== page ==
Conor Power discovers one of the great addresses in Burgundy, where exceptional quality is part of nature itself
Okay, so the Auberge de l’Âtre in Quarré-les-Tombes, Burgundy is not exactly a hidden gem that nobody knows about. It did have a Michelin star and it’s a well-known spot in culinary circles, but for the vast majority of Irish people, this gem of a restaurant is on one of the whitest spaces on the map of France.
I had come to the Auberge de l’Âtre without any preconceptions but knowing, of course, that if it was in Burgundy, then you simply can’t go wrong. There are many places you can go in this world and experience superb food and wine but there is no country in the world that comes even close to comparing with France for a deep tradition of great food and wine and gastronomic appreciation and within France, there’s arguably no better region than Burgundy in this regard.
The owners – Francis and Odole Salamolard – are steeped in culinary greatness and their food and wine is their life and their passion. This is not something immediately obvious when you first arrive at this discreetly located extended farmhouse in the countryside near Quarré-les-Tombes – a tiny hamlet in the Yonne department and in the Morvan National Park. They have worked with all the greats, including the recently-deceased Paul Bocuse and the great Bernard Loiseau. Their greeting is informal, friendly and deferential, like you’re being welcomed into an old friend’s home in the countryside.They opened the Auberge de l’Atre in the mid-1980s and have extended it on either wing to create accommodation and copious dining facilities. Francis gave us the honour of showing us his cellar.
“I’m very grateful to the support of my bank back then,” he said while fumbling with the keys to his oenological kingdom. “You know I took out a mortgage that was four times the value of the property so that I could start a wine collection… I collected 180,000 bottles here.”
Francis’ collection has been reduced somewhat over recent years. After all, wines don’t stay good forever. They have to be consumed at some point and he sells them off during two special events each year.
“I’ve had lots of interest from the likes of Forbes and other auction houses, but I prefer to share the pleasure of these wines with ordinary people rather than sell them at auction to some company who only views them as a commodity,” he says.
For our dinner, he has selected something very special. He refers to it as one of his “orphans” – a bottle that he put aside as coming from a particular cru that displayed a certain level of acidity that, he said, could very well mature into something special if put down for a number of decades.In this case, it was a 1er cru Chablis from the domaine of Alain Geoffroy in the Vau Ligneau region of Burgundy. Its label was barely legible. Francis had put it down in 1993.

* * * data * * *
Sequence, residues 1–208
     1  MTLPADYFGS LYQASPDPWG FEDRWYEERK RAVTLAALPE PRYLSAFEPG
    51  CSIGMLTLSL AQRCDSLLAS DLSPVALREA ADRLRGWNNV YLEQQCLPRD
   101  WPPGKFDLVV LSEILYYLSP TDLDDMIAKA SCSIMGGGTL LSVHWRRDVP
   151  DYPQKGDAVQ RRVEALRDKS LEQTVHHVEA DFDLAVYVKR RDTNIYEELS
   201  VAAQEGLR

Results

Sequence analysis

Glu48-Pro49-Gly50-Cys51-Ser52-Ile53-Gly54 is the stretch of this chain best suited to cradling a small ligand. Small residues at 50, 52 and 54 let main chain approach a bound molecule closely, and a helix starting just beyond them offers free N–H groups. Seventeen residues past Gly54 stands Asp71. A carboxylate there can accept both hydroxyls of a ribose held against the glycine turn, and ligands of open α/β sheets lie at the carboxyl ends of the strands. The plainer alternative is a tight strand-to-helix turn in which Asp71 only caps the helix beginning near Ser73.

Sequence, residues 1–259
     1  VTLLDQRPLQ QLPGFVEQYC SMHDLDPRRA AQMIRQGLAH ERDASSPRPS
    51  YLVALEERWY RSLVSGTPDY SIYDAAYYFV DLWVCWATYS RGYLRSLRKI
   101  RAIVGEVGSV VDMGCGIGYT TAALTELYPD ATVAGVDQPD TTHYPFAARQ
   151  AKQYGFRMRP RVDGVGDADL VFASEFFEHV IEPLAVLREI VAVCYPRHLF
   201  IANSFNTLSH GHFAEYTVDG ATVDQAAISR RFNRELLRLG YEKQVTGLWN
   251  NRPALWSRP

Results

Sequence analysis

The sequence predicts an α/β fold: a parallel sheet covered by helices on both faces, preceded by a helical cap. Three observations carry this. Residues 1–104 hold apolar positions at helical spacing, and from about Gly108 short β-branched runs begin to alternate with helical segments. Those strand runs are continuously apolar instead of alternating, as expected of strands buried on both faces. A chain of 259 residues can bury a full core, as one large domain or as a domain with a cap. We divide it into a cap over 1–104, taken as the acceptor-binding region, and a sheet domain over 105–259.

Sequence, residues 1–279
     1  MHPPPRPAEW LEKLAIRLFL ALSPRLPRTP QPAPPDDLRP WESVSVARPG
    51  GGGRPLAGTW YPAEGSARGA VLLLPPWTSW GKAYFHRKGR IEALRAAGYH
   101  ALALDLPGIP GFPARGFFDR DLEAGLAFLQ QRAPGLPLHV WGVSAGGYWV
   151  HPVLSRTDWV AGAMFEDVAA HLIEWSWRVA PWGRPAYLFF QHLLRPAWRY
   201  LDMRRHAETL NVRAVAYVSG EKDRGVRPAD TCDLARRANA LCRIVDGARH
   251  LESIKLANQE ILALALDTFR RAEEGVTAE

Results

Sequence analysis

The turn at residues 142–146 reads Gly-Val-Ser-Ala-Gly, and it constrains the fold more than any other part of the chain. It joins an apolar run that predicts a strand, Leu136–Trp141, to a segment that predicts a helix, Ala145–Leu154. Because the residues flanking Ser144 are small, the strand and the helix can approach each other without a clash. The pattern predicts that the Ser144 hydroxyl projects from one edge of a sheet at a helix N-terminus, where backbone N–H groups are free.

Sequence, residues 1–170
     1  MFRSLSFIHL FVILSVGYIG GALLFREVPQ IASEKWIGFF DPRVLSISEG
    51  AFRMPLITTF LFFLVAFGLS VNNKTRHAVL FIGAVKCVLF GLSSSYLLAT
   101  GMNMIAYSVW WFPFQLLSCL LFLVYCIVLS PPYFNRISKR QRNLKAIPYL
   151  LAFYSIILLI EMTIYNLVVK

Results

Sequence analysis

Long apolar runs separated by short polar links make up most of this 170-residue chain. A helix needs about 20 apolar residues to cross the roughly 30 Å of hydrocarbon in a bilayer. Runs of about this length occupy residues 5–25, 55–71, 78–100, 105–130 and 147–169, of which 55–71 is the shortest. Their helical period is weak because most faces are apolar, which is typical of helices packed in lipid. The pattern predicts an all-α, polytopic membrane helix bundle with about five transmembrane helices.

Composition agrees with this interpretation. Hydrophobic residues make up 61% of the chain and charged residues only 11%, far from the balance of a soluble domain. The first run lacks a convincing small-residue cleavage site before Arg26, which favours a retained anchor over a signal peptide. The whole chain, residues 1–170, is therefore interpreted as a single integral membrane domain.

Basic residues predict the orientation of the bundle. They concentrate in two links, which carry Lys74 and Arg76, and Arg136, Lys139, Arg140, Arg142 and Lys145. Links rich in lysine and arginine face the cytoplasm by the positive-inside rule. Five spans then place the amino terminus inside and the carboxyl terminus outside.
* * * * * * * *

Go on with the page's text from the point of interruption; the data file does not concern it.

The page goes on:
The dinner commenced with refreshing house cocktail of a local crémant de Bourgogne base. It was followed by a delicate amuse-bouche and starter of smoked rabbit salad. Simple but exquisite. It was accompanied by a 2011 Bourgougne Vézelay chablis wine from the La Cadette domaine. It was a cracking Chardonnay wine.
However, when the main course came out, so too did our orphan bottle that had been carefully selected by Francis. The same grape variety and the same overall wine region but this 25-year-old bottle was a completely different animal. The table was silent as everyone (all five of us) savoured the soft buttery texture and the parade of subtle rounded flavours that invaded our mouths with every sip.
The Zander (not a fish common to Irish waters but a close relative of the pike) provided the main course in a lightly saffroned form and superbly accompanied by a crémant-de-Bourgogne sauce, with delicious vegetables and , stupendous freshly-picked girolles mushrooms.
Like a great fireworks display, the cheese trolley and three-dessert platter cranked up the action in terms of presentation and flavour and the final wine was a red Burgundy from 2013 – also a knockout but nothing could compare with the 1993 Vau Ligneau.After a peaceful sleep in one of their suite-sized rooms, I met Francis early the following morning after a satisfying breakfast devoid of fried offal and featuring some gorgeous home-made jams and conserves. He was already out in the garden – knife in hand, cutting what I could only recognise as a very big dark mushroom. “This is a cèpe,” he said knowledgably. “They normally don’t come up until around October.”
“So why is it here now?”
He shrugged and said: “Because you can’t control nature.”
And on that profound note, it was time to say Au Revoir to the Auberge.
For information on prices for staying and eating at the Auberge de l’Atre, see the website here. For further information on Burgundy and the newly-extended region of Bourgogne-Franche-Comté, click here.